BY ALL ACCOUNTS In the Transition Game, Hoop Dreams Shouldn’t Die

Greed and Insecurity Can Sidetrack Our Childhood Aspirations Lots of charcoal suits and shiny ties wandering around campus these days, the kind of clothes that sit just so on the shoulders of the guys who have mortgaged their dreams for a chance to interview with Mssrs. Solomon, Smith or Barney.

Back in third grade, everyone at my school wrote down their dreams. We were just old enough to have a sense of what made us happy. We saw ourselves as the future artists, teachers and veterinarians of America. Our happiness was unadulterated by greed and untainted by the pressures of social status.

That’s why Andrew Kanarek wanted to be a clown and the Klockner twins wanted to be race car drivers. It’s why Gianni Toto wanted to be a taxi driver and my good friend Dan Brehon wanted to be “either a writer, scientist or a person who invents medicine.” It’s why Joe Emde wanted to be “what [his] father is.”

As for me, it’s why I wanted to a “sports player,” or what I would later refer to as an athlete. And it’s why I came within 20 feet of trying out for the basketball team this weekend.

The idea germinated at Midnight Madness, an event no amount of obnoxious programming and deficient organization can ruin. Midnight adness is great because it is fundamentally about a few thousand students celebrating the accomplishments of the elite athletes who are also their classmates.

As they stride in the spotlight toward center court, it’s hard not to think they’re realizing their own dreams. That’s what I like, and the reason I laced up my Nike Air Apparati M-XVIs Sunday afternoon and marched toward the testing grounds of Mc-Donough Gymnasium.

Somewhere in the pedestrian passage that cuts through the Southwest Quadrangle construction zone, I realized I was in the grasp of an eminently ill-conceived idea. My mind cleared as if the gelatinous mass of my brain had been dumbly quivering since the idnight Madness emcee started chanting “H-to-the-izzO, Y-to-the-izzA.”

Initially, I thought the idea was lousy because if I didn’t get hurt, I might hurt someone else, perhaps badly. I had forgotten that I am a miserable basketball player. I’ve played intramurals every semester I’ve been here and I only remember winning one game (I don’t think I have forgotten any, either). I play pickup games a few times a week and my game is stuck on the plateau of mediocrity. I play like Cherokee Parks.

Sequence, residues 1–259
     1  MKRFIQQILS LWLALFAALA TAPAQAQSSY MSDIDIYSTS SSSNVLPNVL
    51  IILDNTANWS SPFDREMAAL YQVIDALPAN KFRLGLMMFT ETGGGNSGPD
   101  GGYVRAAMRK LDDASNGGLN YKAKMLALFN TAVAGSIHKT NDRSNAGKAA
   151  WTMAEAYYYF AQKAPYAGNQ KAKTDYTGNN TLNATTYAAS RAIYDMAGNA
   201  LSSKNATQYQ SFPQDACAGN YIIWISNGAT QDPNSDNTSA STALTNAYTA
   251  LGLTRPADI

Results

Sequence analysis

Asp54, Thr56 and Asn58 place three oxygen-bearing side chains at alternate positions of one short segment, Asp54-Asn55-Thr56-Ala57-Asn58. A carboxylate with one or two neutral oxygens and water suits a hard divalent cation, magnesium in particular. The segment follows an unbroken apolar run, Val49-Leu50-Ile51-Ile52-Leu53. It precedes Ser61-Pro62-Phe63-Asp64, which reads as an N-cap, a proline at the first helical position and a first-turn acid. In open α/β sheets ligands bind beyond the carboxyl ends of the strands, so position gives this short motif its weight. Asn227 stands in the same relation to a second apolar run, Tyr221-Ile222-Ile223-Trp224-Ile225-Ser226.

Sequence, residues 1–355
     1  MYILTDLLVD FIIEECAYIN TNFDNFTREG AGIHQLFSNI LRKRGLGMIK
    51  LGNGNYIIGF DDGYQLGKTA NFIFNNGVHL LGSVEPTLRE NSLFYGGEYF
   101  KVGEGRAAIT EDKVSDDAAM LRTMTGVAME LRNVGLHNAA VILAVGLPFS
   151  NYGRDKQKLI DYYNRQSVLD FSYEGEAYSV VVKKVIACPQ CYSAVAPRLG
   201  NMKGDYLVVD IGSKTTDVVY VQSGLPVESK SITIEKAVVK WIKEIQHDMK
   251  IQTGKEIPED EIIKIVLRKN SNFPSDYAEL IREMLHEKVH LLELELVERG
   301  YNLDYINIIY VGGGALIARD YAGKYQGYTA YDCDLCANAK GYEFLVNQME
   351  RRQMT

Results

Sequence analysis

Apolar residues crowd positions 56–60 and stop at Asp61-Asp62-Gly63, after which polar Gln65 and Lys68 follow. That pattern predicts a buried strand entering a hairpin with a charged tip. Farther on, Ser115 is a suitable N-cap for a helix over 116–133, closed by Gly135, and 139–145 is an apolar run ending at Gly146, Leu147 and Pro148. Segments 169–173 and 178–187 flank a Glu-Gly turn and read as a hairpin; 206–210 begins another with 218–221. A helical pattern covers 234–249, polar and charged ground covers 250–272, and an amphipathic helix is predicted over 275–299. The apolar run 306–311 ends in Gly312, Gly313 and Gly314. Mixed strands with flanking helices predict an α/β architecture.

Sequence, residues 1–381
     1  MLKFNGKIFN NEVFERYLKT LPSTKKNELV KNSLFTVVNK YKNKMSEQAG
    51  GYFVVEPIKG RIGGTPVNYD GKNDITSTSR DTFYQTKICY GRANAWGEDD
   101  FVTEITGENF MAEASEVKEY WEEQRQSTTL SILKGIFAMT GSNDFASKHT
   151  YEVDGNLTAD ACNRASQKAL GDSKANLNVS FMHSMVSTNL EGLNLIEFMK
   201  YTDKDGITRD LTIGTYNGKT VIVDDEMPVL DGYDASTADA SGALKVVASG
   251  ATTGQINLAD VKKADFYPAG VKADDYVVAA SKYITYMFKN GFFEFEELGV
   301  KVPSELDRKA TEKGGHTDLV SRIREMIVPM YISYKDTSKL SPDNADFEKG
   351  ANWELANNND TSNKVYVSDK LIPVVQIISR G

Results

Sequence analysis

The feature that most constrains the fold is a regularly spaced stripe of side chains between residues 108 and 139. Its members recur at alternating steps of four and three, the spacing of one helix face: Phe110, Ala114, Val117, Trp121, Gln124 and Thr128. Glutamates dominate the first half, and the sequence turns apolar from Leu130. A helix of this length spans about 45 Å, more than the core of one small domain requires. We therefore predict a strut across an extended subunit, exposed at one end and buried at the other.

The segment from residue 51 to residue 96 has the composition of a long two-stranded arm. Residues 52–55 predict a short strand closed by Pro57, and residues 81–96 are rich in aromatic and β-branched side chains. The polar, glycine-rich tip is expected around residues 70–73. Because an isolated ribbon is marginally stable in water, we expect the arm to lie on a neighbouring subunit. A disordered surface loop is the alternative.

But I was not so deranged to think there would be a uniform with my name on it this season, nor did I expect to be one of the guys with just a number on the back of his jersey. No, I did not turn around at this point, because I never expected to make the team.

I pressed on, looking for an aerobic diversion from my day of study. I wavered when I realized there might be people at the tryout who actually dreamed of making the team – who actually wanted to make the team. And I’m so bad I make everyone on the court look like Frederic Weis, and that’s when I’m playing well.

I didn’t want to ruin their chances; for that matter, I didn’t want to ruin the team’s season. If Craig Esherick knew what was good for him, he must avert his eyes from the catastrophe that is my game.

Fears of embarrassment and injury could not stop me. I tried to invent reasons not to go through with it, but none of them worked.

I went through this scenario in my head: The coaching staff, inexplicably, tells everyone to stage a flashy end to a fast-break. Since I’m not so good with the lay-ups, I pull up for a three, but my shot is off because my nipples are slightly chafed from yesterday’s long jog. Airball, and Esherick laughs a sonorous, contagious belly laugh. The camera pulls back and the whole campus, the whole city, the whole nation, the whole world – they’re all laughing.

I looked through the doors into the trophy-lined forum of cDonough, and I realized that this wasn’t my dream at all.

I shouldn’t be trying out for the basketball team any more than Dave Brubeck should be auditioning for Bubba Sparxxx’s backup band.

High-level sports aren’t, and never will be, my thing. My brothers are great athletes and I’m fine enough. Someday I’ll join a men’s league or maybe I’ll just play with my family. I am now, and always will be, a sports player.

You see, I think some dreams are negotiable – I don’t have to be a professional athlete to be a sports player and Joe Emde doesn’t have to do what his father does to be what his father is.

Maybe we don’t even have to live out our third grade dreams. But if we don’t ask why we put on the slick suits and sleek ties, if we cave into greed and status, we either won’t be happy or we won’t be true. And I’m not sure which is worse.

By All Accounts appears every Tuesday in The Hoya. The author can be reached at

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